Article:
Driveways killer for kids

By Mike Dinsdale

A child-safety advocate is urging Northland parents and caregivers to take more care in driveways after a child died near Kaikohe and another was badly injured by a family member in a Ruakaka driveway.

National organisation Safe Kids is running a safety campaign around the dangers to children in driveways and director Ann Weaver said the latest Northland cases were timely reminders.

Last Thursday a young boy's arm was badly cut when he was run over in a Ruakaka driveway by a family member. On February 5, 18-month-old Summer Indiana June Muldrock-Holmes died after being struck by a vehicle on a driveway in Ohaeawai.

Ms Weaver said every two weeks in New Zealand a child winds up in hospital with serious injuries received from a vehicle on a private driveway, and five children die annually, on average, in the same way.

She said most children injured in such accidents were toddlers aged about 2. When the incident was not fatal, the injuries often were severe.

"The driver is usually a close family member and the devastating impact of these events upon families cannot be overstated," Ms Weaver said.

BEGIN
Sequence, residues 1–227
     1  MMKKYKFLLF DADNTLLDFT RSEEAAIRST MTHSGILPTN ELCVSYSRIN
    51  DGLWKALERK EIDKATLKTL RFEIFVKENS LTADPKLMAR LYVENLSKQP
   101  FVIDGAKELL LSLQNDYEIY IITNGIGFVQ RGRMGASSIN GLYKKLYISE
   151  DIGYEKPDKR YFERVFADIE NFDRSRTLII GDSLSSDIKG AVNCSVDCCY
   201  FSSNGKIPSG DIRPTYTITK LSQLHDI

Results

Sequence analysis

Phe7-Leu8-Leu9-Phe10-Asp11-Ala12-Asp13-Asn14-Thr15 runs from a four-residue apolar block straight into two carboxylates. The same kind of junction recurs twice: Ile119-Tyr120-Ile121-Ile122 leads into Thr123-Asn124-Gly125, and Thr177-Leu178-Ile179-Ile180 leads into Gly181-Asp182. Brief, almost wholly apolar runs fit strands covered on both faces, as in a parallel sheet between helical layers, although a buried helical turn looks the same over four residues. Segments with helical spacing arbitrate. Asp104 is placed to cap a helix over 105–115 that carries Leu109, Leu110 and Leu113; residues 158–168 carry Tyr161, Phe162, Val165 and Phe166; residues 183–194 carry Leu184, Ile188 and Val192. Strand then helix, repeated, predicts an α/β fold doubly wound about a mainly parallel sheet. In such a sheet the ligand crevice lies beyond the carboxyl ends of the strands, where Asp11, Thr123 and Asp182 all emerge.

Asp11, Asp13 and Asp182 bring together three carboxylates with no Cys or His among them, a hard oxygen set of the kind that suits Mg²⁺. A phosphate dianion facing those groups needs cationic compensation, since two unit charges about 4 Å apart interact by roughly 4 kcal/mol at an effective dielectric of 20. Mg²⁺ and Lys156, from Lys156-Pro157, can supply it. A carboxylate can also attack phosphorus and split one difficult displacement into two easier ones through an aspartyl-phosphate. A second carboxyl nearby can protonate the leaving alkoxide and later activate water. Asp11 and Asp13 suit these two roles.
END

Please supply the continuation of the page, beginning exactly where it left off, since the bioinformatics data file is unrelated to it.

Raising awareness was the key to preventing more people having to live with that tragic consequence.

"Make sure you know where the children are at all times and don't assume. If you can't see them, you need to get out and ensure they are being supervised by another adult."

She said children could move so fast that it was essential a driver knew for certain when entering or leaving a driveway that a youngster was not running around.

Signs warning that children could be playing in the driveway were a good idea.

"Five deaths (a year) is far too many and people need to realise that they cannot see everything around their vehicle with their rear view and side mirrors," Ms Weaver said.

Up to 10 metres at the back of a vehicle and three metres at the side and in front can be blind zones for drivers.

"People think they are driving in a bubble and that they can see everything inside that bubble, but that's not the case.

"We want to prevent more children dying in this way and people having to live with those terrible consequences," Ms Weaver said.

- Northern Advocate

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